On October 19, 2018, President Trump issued a memorandum entitled “Presidential Memorandum on Promoting the Reliable Supply and Delivery of Water in the West.” 83 Fed. Reg. 53,961. The memorandum directed the Secretary of the Interior (i.e. U.S. Fish and Wildlife Service) and the Secretary of Commerce (i.e., National Marine Fisheries Service) to take steps “to minimize unnecessary regulatory burdens and foster more efficient decision-making so that water projects are better able to meet the demands of their authorized purposes.” Translation: the President asked the water authorities at the Federal level to figure out a way to pump more water out of the Delta and into the Central Valley of California.
Unfortunately, it is a little more complicated than this. There are a few steps involved in getting water pumped out of an estuary where endangered species live. Theoretically, somebody has to determine if the endangered species will be put at risk by altering the environment in which they live. That’s where the US Fish and Wildlife Service (“USFWS”) and the National Marine Fisheries Service (“NMFS”) come in.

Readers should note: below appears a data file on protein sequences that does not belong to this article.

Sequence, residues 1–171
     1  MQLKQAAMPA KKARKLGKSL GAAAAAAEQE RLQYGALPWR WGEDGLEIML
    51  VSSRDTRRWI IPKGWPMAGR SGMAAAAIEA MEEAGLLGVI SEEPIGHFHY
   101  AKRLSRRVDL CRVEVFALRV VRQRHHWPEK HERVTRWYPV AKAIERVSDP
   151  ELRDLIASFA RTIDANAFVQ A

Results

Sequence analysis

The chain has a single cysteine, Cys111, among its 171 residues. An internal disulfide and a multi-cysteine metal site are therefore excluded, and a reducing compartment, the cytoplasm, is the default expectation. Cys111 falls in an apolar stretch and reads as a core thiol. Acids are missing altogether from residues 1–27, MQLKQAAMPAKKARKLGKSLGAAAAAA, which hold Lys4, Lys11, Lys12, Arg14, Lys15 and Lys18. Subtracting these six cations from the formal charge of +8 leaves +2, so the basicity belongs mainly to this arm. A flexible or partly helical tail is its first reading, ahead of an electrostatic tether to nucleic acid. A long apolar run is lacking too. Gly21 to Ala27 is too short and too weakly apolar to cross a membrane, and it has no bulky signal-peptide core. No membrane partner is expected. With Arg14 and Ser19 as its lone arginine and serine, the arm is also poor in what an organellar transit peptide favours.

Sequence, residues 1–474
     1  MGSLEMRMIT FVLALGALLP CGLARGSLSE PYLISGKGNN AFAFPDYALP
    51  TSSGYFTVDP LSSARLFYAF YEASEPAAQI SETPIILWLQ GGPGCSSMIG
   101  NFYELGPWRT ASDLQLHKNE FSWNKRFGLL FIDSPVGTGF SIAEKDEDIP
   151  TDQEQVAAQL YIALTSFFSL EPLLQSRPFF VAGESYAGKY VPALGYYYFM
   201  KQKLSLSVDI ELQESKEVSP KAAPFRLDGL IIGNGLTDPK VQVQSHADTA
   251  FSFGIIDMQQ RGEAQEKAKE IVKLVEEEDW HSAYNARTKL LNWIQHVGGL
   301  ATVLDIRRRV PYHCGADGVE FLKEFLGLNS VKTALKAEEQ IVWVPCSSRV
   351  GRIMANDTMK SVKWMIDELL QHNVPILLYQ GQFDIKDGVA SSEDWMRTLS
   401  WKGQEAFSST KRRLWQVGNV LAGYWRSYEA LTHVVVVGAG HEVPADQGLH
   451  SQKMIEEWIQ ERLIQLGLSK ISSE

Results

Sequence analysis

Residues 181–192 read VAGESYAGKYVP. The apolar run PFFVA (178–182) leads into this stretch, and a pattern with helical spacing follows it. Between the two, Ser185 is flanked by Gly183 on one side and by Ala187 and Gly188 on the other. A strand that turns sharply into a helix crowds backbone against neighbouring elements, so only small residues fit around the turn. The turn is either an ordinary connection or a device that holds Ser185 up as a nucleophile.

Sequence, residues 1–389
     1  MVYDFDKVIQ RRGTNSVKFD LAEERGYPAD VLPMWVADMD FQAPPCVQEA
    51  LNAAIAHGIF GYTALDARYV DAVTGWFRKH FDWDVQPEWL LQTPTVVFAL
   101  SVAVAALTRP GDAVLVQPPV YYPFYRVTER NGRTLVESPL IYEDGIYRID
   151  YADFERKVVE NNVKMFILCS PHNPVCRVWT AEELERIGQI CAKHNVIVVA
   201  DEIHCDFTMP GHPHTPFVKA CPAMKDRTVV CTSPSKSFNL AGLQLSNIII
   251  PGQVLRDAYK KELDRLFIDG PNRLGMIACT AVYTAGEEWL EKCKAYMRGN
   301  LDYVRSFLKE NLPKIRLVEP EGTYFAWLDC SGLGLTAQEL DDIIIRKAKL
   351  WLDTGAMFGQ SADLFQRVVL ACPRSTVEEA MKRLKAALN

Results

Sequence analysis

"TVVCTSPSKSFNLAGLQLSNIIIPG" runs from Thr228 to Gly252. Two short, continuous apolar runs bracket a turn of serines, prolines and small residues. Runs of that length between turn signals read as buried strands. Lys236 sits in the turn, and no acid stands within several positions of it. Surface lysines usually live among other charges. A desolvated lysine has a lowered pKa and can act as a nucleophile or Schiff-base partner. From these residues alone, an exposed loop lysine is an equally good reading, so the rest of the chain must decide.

Matters of Biological Opinions
On February 5, 2019, Reclamation released a Biological Assessment for the re-initiation of consultation under ESA on the coordinated long-term operation of the CVP and SWP. The proposed actions outlined in the BA included:
- Temperature management at Shasta dam;
- New habitat and salinity measures in the Delta; and
- Entrainment management related to water exports.
Reclamation states “these proposed actions aim to give water operators more flexibility, maximize water supply delivery and optimize power generation consistent with applicable laws.”